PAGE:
The Triplets (band)

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The Triplets are a Rock Pop trio that crossed over musical boundaries from the U.S through Latin America. Composed of the triplets Diana, Sylvia, and Vicky Villegas (all born April 18th) of an American mother and a Mexican father,[1] the group recorded in both English and Spanish. They first gained recognition after winning the MTV Basement Contest in 1986 for the song "Boys", and were awarded a contract with Elektra Records and released their first EP "Break The Silence"

Musical awards and Nominations: Grammy Nomination best new Latin Pop group (1993) "Algo Mas Que Amor"; American Music Nomination, best new group, (1991) "Thicker Than Water"; New York Music Award best new group (1991) "Thicker Than Water"; The Desy Award, best new Latin group, (1991) "Fuerza del Parentesco"

They scored a hit single on the U.S. Billboard Hot 100 chart in 1991 with "You Don't Have to Go Home Tonight" as well as on the Adult Contemporary Chart with "Sunrise". They released a VHS tape in 1991 as well. Subsequent hits followed on the Billboard Latin charts. On September 9, 2015 the band announced they were reuniting and releasing a new CD entitled "Independence Road." The album will be released in August 2016 with Sylvia and Vicky performing and Diana writing songs.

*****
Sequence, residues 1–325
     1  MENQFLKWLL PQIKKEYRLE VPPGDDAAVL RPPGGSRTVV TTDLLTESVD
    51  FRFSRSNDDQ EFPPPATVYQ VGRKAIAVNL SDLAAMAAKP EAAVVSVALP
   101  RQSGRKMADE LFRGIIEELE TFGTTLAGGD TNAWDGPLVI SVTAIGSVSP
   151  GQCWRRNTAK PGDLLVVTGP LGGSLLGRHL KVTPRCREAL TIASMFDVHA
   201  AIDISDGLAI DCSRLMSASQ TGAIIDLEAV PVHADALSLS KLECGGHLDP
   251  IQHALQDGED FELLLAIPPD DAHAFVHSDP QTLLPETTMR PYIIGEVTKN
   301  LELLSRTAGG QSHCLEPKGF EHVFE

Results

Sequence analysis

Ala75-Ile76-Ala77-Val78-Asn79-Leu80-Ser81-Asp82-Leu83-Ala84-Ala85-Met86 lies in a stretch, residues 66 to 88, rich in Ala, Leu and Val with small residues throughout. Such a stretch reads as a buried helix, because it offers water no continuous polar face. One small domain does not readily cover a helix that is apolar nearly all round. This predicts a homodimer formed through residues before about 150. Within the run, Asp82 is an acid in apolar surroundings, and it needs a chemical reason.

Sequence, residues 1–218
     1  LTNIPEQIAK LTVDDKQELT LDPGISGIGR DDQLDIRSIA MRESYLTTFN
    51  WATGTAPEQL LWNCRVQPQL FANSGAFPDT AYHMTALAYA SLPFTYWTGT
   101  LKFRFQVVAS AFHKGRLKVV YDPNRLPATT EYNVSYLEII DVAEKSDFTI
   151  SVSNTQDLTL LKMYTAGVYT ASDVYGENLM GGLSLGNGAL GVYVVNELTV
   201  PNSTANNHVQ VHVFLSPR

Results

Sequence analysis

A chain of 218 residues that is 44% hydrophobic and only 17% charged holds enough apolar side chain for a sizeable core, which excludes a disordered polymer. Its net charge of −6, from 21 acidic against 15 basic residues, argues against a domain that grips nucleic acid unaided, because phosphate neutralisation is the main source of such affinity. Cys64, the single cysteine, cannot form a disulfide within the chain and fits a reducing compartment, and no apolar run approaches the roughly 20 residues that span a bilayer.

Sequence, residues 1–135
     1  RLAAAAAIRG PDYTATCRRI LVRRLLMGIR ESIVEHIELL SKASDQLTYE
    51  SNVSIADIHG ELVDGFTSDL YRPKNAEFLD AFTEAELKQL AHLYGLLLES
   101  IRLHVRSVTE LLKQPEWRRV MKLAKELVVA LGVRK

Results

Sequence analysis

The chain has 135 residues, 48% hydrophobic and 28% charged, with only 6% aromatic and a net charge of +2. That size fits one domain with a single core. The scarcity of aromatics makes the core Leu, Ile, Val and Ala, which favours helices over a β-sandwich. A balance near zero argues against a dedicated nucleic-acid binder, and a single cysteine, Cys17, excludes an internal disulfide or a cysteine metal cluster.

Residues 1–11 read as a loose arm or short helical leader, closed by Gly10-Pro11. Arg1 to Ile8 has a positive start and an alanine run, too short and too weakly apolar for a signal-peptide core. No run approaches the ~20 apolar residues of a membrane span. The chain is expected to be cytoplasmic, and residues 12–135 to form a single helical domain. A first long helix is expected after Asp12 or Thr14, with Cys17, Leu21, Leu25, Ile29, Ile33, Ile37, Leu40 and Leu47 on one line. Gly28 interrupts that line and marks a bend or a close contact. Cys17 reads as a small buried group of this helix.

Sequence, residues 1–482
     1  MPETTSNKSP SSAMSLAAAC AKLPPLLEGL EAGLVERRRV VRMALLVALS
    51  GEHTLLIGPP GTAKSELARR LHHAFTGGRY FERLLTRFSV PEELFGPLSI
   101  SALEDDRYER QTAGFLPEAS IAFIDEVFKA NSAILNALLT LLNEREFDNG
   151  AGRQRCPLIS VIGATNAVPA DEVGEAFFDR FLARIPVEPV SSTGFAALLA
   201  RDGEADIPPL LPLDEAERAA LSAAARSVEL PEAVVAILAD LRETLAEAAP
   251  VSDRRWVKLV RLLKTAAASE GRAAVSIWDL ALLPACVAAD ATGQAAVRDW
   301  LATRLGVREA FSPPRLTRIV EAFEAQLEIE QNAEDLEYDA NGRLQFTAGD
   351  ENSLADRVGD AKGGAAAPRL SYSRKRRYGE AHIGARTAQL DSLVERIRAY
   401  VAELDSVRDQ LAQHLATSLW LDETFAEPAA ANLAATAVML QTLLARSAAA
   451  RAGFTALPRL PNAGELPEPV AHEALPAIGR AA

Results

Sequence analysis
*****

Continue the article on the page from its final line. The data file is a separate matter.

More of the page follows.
Cover versions[edit]

"You Don't Have to Go Home Tonight" also reached the Dutch charts at the time. In 1995 its success was eclipsed by the Dutch-language version ("Je Hoeft Niet naar Huis Vannacht") that Marco Borsato recorded.

Discography[edit]

Albums[edit]

Singles[edit]

  • "Boys" (did not chart, 1986)
  • "Translate" (did not chart, 1986)
  • "You Don't Have to Go Home Tonight" (Billboard Hot 100 peak #14, 1991)[3]
  • "Sunrise" (did not chart, 1991)
  • "Light A Candle" (did not chart, 1991)
  • "Sombras Y Silencios" (did not chart, 1991)
  • "Algo Mas Que Amor (I've Been Waiting For You)" (Billboard Hot Latin Tracks peak #2, 1993)[3]
  • "Mi Mundo Entero (Everything I Own) (Hot Latin Tracks peak #27, 1994)[3]
  • "Las Llaves de Mi Corazon" (Hot Latin Tracks peak #14, 1994)[3]

References[edit]

  1. ^ Joel Whitburn, The Billboard Book of Top 40 Hits. 7th edition, 2000.
  2. ^ Billboard, Allmusic.com
  3. ^ a b c d Billboard Singles, Allmusic.com